In the Study at home, we have our computer desktop. This is where the rather tantalizing (at least, to Baby Girl) infrared, wireless keyboard lives that was Mom's Christmas present last year. In order to help curb her enthusiasm for hitting the space bar and the extra little button that closes whatever window you are currently working in, we drug out of the closet one of our old keyboards. It sits on the floor, not plugged in, so she can bang away any old time she wants.
Apparently this afternoon she spent a good solid ten minutes with the end of the cord trying to plug it into her belly button.

Sunday, January 13, 2008

Hey, I Think Someone Took Out The Batteries

Yesterday morning there was a box of chocolates open on the coffee table in the living room. I walked into the room to discover Baby Girl, who has never encountered a box of chocolates before, diligently trying to push one of the nougats to find out what this array of buttons would do.

Thursday, January 10, 2008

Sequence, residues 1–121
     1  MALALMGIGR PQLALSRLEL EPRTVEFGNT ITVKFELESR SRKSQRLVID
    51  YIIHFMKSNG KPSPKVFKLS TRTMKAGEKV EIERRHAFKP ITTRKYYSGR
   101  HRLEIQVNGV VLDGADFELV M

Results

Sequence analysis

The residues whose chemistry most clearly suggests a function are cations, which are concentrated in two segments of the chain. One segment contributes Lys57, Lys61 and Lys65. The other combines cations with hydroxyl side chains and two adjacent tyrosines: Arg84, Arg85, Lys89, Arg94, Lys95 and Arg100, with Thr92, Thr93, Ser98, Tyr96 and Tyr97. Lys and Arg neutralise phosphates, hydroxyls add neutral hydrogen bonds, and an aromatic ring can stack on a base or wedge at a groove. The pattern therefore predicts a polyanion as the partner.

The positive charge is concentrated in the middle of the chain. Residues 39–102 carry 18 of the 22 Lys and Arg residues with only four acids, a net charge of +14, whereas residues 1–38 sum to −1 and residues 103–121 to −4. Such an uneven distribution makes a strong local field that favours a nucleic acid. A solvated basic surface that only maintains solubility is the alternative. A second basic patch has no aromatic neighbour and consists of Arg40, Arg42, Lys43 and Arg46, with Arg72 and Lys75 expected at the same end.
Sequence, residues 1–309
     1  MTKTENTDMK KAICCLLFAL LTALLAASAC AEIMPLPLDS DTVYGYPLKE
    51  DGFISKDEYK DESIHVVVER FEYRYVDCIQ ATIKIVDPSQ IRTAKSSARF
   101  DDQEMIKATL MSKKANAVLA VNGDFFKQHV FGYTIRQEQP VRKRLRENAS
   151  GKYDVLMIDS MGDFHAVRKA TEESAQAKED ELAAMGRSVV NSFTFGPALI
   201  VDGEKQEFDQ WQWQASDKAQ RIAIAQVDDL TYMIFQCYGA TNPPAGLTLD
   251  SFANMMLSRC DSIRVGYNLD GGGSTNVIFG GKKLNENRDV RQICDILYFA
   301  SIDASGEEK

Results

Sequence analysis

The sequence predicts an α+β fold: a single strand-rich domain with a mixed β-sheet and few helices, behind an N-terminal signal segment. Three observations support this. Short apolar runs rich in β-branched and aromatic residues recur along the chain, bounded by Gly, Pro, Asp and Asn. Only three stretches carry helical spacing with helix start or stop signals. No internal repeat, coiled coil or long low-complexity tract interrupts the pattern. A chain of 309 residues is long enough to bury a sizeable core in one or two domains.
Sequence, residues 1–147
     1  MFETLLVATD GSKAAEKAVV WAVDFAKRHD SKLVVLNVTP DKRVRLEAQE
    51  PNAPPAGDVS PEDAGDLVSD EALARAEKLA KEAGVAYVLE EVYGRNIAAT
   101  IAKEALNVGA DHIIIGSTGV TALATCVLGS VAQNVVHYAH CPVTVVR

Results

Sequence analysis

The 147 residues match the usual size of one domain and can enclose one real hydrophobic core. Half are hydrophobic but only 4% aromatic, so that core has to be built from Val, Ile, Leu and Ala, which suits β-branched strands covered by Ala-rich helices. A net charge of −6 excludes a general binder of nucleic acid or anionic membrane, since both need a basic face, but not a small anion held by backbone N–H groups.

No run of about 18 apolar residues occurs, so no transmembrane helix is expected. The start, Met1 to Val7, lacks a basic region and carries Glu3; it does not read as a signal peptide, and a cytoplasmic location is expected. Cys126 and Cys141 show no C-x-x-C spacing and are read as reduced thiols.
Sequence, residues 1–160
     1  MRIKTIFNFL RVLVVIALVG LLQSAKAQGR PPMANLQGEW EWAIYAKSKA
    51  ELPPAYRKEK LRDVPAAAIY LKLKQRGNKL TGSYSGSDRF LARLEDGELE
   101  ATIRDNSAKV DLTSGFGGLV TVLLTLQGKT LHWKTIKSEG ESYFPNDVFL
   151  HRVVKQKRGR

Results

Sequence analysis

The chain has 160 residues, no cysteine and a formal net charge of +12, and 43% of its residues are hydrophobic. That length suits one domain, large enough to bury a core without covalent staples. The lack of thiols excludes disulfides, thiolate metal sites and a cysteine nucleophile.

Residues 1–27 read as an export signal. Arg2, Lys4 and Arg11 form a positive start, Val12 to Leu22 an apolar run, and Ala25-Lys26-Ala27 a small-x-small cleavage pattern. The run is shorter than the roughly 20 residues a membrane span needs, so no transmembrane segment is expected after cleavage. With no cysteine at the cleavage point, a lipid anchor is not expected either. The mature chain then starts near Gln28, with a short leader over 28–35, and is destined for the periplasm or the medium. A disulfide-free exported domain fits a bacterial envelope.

This is the Part that Sucks

This morning I had to go do one of the things that will be a feature of the rest of my life: I went to a funeral for one of Jason's congregation members.
For the rest of this time I am on this earth, I will know people that Jason has served as their minister, people who I regard as friends and have come to think of as family, and they will pass on and I will be confronted with this incredible sense of missing. It is infinitely rewarding and meaningful to be taken into the hearts and families of so many people when you're part of the family of the minister, but it is such a cruel reality to have a sense of their loss when one of their member's dies.